Thommy Ford Reads

A blog by the staff of the Thomas Ford Memorial Library

“The Vaults of Yoh-Vombis” by Clark Ashton Smith

saturday-shortsSaturday Shorts Week 40
Welcome to our weekend series for 2014. 
Every Saturday this year one of our staff will suggest a favorite short story from the library’s collection, all of them a great choice for quick weekend reading.

Here in this place of eternal bareness and solitude it seemed that life could never have been. The stark, eroded stones were things that might have been reared by the toil of the dead to house the monstrous ghouls and demons of primal desolation.


You’ll find “The Vaults of Yoh Vombis” in Dark Eidolon and Other Fantasies: SF SMITH

Space travel is a pretty optimistic, life-affirming type of endeavor. Maybe that’s why space horror is so captivating. The idea that our highest human ambitions might meet with something monstrous is just terrifying on a bigger scale than zombies and vampires.

These types of tales can range from the simple monster-from-another-planet plots of Alien or The Thing to the more truly cosmic horror of Lovecraft and his followers. Clark Ashton Smith’s work is usually grouped with the latter, but one of his greatest stories, “The Vaults of Yoh-Vombis” adds just a bit of Alien to “Call of Cthulhu.

It tells the tale of an ill-fated archaeological expedition on Mars. The scholars attempt to study the ruins of the earliest Martian city, a towering place called Yoh-Vombis which even the present day Martians refuse to visit. What they find buried among all the time-worn rubble is not one of Lovecraft’s god-like immortals but a kind of fungus. An awful, awful fungus.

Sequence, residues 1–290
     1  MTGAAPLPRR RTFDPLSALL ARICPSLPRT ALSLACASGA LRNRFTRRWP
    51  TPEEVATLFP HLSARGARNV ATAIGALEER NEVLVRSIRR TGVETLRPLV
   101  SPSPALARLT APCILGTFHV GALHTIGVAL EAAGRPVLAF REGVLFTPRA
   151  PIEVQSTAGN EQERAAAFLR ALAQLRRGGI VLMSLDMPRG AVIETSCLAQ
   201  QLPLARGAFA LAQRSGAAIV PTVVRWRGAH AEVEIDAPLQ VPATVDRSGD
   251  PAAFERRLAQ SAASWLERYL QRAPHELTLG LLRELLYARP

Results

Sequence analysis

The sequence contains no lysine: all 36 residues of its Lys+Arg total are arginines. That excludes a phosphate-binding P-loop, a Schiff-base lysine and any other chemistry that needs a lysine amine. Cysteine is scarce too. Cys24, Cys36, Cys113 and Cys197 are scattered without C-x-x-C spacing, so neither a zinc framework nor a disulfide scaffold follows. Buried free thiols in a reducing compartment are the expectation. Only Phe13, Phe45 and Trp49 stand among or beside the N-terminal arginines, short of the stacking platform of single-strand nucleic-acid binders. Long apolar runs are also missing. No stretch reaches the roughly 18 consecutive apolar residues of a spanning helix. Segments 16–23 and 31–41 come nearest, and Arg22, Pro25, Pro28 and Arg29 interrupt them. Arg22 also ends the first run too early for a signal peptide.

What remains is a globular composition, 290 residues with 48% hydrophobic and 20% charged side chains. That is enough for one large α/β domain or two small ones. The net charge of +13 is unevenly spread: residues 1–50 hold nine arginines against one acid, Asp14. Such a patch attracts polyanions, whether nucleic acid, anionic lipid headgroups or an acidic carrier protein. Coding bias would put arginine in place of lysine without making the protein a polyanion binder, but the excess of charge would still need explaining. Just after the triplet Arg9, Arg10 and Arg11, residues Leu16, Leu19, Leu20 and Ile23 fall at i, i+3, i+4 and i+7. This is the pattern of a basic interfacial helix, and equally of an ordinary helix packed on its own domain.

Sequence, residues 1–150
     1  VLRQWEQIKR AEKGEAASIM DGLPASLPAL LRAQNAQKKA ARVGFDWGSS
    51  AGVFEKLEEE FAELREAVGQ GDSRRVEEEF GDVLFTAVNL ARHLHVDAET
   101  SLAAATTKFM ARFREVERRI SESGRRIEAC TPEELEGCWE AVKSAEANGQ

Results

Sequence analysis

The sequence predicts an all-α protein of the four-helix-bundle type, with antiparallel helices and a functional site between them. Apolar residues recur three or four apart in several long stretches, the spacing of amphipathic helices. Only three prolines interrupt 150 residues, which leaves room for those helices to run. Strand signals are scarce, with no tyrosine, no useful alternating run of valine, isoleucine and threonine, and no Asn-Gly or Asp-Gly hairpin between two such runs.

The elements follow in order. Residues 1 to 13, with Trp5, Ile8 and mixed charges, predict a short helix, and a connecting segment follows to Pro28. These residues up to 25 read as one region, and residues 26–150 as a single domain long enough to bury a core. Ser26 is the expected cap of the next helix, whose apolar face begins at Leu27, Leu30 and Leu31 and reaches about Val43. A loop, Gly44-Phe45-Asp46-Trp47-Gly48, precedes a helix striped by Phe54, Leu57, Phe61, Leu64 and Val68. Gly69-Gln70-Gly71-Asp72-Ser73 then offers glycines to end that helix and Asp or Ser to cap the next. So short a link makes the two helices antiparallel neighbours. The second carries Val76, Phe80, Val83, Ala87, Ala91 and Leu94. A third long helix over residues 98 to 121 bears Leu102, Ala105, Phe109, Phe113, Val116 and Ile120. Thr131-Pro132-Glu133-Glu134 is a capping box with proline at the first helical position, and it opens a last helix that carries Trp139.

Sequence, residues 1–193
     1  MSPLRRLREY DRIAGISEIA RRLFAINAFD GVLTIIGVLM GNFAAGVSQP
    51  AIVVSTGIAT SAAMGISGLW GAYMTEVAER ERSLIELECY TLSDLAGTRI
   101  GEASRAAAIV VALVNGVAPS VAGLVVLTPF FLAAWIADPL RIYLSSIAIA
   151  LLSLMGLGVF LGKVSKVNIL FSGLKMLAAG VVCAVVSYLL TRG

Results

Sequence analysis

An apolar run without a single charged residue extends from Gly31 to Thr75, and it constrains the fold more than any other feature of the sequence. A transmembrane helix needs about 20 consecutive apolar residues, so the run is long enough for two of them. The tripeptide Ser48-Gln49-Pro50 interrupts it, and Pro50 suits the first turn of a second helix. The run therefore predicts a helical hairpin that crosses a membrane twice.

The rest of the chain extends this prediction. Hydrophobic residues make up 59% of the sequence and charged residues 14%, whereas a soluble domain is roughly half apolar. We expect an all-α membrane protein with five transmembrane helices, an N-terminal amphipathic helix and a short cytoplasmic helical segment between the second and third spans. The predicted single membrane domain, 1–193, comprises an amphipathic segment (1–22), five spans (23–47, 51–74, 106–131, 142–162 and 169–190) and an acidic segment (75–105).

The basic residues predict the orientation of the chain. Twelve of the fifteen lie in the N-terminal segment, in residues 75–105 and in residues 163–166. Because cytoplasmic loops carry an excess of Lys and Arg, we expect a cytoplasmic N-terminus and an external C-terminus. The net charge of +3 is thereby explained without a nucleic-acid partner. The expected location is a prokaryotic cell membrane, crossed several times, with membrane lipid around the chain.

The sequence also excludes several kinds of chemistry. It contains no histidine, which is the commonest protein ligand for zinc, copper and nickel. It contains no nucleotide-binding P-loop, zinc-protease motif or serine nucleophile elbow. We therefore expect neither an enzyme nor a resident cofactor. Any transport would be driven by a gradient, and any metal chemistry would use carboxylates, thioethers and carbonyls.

You won’t have the time to know or care about any of the archaeologists, but what the tale lacks in characterization it makes up for with atmosphere. The desolate landscape provides much of the chills. Oh yeah, and there’s also the icky body horror of the fungal aftermath and maybe just a slight hint at something bigger, more ominous than the fungus lurking in the background.

It’s definitely worth a read, especially if you’re a Lovecraft fan but wouldn’t mind something more visceral in your horror stories.

Review by Matthew

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This entry was posted on October 4, 2014 by in Book Review, Fiction, Horror, Saturday Shorts, Science Fiction, Short Stories.
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